Support WABA’s Montgomery County Budget Priorities

Funding a new tunnel for the Capital Crescent Trail under Wisconsin is WABA’s top budget priority this year. But County Executive Elrich proposed cuts and delays for many important bicycle, trail and pedestrian projects. They need the Council’s attention to get back on the right track. WABA is asking the Montgomery County Council to:

  1. Fund the Capital Crescent Trail Tunnel for completion by 2023
  2. Reverse the proposed two-year delays to the Metropolitan Branch Trail and Fenton Street protected bike lanes. Alone, these projects are important to getting people around Silver Spring safely by bike, scooter, and foot, but the success of the Purple Line in Silver Spring also depends on them to get people to two Purple Line Stations.
  3. Fund planning and construction for the 70 miles of Tier One master planned bikeways. The newly adopted Bicycle Master Plan calls for hundreds of miles of new bikeways, prioritized to increase bicycling as quickly as possible. The first tier, which builds networks in the urban areas and low-stress connections to them, needs a funding mechanism for design and construction. At a minimum, all Tier One projects should be designed and more than half constructed by the end of the FY21-26 CIP.
  4. Reverse the proposed cuts to the Parks budget to ensure that the county’s parks, trails, and recreation programs remain great.
  5. Update old designs for the dual bikeways proposed in the Seven Locks and Bradley Boulevard bike/ped projects.  These projects were designed many years ago and their designs do not meet the standards set out in the Bicycle Master Plan. Before going further, the designs should get an update.  Similarly, the Goldsboro and Falls Road projects provide useful connections in the County and we must make sure they meet the standards set out in the Bicycle Master Plan.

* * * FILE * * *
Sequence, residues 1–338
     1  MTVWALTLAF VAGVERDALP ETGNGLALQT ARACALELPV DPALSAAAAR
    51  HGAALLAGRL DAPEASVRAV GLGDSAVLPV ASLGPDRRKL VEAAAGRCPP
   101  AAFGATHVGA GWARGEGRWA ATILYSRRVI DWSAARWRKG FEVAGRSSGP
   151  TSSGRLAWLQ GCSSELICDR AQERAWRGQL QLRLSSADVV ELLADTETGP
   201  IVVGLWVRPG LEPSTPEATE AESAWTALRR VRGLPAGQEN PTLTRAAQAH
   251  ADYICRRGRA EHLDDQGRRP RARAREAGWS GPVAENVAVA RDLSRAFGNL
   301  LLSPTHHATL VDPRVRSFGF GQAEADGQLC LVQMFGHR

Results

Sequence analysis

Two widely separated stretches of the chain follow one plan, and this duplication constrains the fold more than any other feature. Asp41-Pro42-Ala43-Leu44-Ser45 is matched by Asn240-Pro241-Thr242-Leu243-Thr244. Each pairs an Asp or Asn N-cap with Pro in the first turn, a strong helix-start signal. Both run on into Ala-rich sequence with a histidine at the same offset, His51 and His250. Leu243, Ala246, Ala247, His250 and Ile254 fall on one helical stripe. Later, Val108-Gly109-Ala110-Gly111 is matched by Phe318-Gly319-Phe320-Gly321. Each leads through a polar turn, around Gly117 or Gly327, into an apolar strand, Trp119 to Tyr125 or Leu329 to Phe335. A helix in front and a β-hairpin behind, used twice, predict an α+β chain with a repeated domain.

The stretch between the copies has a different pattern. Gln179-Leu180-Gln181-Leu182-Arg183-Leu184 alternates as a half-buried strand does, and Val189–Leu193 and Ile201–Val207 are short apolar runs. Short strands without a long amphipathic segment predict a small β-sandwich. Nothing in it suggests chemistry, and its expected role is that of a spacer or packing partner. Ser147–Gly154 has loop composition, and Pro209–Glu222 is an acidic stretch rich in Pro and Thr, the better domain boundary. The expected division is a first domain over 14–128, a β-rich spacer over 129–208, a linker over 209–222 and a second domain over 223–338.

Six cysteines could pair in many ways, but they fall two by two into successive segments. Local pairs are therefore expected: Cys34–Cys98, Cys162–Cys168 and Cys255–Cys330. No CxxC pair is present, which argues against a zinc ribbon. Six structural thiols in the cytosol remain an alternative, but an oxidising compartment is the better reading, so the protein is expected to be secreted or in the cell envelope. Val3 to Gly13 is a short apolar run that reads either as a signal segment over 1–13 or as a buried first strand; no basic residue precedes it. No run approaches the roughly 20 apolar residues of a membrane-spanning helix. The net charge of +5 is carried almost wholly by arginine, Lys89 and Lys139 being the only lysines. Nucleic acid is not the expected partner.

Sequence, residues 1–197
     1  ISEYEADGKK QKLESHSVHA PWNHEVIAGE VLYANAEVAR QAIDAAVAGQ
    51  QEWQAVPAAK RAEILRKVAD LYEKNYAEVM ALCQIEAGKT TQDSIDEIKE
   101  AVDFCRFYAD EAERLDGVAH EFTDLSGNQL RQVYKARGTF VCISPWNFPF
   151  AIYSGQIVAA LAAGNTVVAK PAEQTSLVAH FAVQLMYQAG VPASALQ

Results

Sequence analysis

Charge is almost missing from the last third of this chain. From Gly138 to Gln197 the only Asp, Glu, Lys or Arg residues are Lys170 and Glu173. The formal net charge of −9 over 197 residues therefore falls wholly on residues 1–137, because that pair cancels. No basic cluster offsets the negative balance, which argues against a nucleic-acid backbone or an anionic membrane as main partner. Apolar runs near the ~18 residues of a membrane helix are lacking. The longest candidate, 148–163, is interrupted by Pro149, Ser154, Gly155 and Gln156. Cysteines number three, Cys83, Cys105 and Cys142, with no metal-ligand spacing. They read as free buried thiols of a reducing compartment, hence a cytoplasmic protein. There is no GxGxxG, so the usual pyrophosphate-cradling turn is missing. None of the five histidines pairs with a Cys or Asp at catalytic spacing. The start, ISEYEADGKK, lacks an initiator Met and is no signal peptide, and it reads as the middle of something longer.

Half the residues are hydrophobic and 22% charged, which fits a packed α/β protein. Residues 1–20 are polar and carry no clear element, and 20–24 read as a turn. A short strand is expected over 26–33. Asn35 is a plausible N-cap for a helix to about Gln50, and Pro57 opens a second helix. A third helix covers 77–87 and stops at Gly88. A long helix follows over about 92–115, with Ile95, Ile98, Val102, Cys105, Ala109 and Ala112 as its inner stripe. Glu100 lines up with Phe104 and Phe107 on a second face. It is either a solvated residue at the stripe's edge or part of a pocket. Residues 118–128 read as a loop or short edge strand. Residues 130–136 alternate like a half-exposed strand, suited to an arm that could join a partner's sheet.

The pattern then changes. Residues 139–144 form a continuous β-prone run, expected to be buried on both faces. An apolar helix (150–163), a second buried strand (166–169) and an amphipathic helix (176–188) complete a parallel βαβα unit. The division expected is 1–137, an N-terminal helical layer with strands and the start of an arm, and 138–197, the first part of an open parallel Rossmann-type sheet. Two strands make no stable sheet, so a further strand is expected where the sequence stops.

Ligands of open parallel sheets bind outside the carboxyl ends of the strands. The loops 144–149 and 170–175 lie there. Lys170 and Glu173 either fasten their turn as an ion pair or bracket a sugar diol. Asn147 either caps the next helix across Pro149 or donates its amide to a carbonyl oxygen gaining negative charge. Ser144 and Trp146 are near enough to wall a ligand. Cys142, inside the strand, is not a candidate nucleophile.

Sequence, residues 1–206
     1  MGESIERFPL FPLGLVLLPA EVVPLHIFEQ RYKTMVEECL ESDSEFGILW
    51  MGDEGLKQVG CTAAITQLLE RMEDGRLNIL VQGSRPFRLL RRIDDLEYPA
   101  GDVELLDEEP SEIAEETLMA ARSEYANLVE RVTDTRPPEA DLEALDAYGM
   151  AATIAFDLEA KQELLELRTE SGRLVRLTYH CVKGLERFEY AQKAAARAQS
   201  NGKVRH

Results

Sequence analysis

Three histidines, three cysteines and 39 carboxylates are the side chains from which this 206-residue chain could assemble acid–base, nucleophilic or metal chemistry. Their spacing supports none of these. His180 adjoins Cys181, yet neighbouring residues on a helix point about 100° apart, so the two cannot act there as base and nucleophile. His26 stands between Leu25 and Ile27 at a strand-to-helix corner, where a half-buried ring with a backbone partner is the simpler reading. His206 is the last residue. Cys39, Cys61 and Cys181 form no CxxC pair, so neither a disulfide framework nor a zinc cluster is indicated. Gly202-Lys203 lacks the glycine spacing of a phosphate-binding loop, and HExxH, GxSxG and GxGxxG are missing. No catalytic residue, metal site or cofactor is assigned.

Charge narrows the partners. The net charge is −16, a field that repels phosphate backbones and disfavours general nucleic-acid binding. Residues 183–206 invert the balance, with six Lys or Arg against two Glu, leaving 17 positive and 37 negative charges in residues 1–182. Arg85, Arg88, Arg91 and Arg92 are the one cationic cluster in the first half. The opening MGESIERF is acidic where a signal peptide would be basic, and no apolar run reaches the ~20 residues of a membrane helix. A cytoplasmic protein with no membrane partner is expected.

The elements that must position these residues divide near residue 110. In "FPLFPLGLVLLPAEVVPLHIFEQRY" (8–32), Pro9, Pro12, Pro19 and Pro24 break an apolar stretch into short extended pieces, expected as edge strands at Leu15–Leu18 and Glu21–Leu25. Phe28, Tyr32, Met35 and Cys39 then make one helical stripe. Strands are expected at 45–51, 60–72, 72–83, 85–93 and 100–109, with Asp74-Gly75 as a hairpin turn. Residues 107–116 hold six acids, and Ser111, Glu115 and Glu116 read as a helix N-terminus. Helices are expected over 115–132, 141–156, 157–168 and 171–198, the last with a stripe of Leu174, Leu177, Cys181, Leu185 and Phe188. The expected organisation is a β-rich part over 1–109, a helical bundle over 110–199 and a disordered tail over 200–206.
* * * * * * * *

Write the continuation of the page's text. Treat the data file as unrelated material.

To see WABA’s full list of budget priorities, read our testimony for the Council’s Budget Hearing here.

Fund the Capital Crescent Trail Tunnel

In 2017, the Capital Crescent Trail tunnel under Wisconsin Ave in Bethesda permanently closed to make way for the Purple Line’s station and tracks. At the time, Montgomery County leaders assured the public that a new tunnel for the trail would be designed and built to take the county’s busiest trail under Wisconsin Avenue. Now, the design is nearly done but County Executive Marc Elrich proposes no funding to build it.

When trains begin carrying passengers on the Purple Line, a new extension of the Capital Crescent Trail will open too, connecting Bethesda to Silver Spring. It will fly over Connecticut Ave, Colesville Rd and Rock Creek Park on new bridges. But when it enters Bethesda you will not see the old trail tunnel. Instead, it will hit a stop light and Wisconsin Avenue’s 40,000 daily cars and trucks.

The County must finish the tunnel by the time the Purple Line is complete. Contact your Montgomery County Council members using the form below to urge them to provide full funding for the construction of the Capital Crescent Trail tunnel under Wisconsin Avenue to be completed by the end of fiscal year 2023.

While the CCT tunnel is WABA’s #1 priority in this budget, we need your help to restore funding for other important projects too. When you’re done, you will be automatically redirected to weigh in on those too.

Spring Adult Classes: Register now!

Winter may not be over just yet, but our  spring 2020 bicycle education classes are posted and registration is now open! Check out our schedule and find an upcoming class or community ride in a neighborhood near you!

Sign Up

WABA’s bicycle education classes help you to build confidence! Whether you’re a seasoned bicyclist or are learning to ride  for the first time, our experienced instructors will provide the tips, tricks, and guidance you need to bike with ease.  Did we mention that our classes are FREE for WABA members? Check out all the benefits of membership at waba.org/extras and become a member today!

Join WABA

Choosing the Class That is Right for You

Adult Learn to Ride – This 3 hour class is for adults who have never ridden a bike before or have not been on a bike in some time. Participants learn the basics of balancing, gliding, and pedaling, with the goal of riding by the end of class! 

Class Details: 

  • Bicycles and helmets provided
  • Subsidized registrations available 
  • Advanced registration required